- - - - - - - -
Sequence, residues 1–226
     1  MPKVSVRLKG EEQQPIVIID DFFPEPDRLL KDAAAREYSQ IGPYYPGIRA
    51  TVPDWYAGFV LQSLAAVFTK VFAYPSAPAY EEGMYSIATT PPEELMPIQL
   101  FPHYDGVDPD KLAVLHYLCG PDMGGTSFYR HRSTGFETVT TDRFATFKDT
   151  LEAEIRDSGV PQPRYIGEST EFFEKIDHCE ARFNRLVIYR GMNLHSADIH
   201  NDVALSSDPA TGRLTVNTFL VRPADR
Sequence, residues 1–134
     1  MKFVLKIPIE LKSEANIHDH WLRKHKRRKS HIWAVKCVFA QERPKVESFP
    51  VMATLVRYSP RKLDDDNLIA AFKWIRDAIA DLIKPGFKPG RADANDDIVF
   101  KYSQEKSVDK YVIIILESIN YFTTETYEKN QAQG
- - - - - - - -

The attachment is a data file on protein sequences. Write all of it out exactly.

Sequence, residues 1–226
     1  MPKVSVRLKG EEQQPIVIID DFFPEPDRLL KDAAAREYSQ IGPYYPGIRA
    51  TVPDWYAGFV LQSLAAVFTK VFAYPSAPAY EEGMYSIATT PPEELMPIQL
   101  FPHYDGVDPD KLAVLHYLCG PDMGGTSFYR HRSTGFETVT TDRFATFKDT
   151  LEAEIRDSGV PQPRYIGEST EFFEKIDHCE ARFNRLVIYR GMNLHSADIH
   201  NDVALSSDPA TGRLTVNTFL VRPADR
Sequence, residues 1–134
     1  MKFVLKIPIE LKSEANIHDH WLRKHKRRKS HIWAVKCVFA QERPKVESFP
    51  VMATLVRYSP RKLDDDNLIA AFKWIRDAIA DLIKPGFKPG RADANDDIVF
   101  KYSQEKSVDK YVIIILESIN YFTTETYEKN QAQG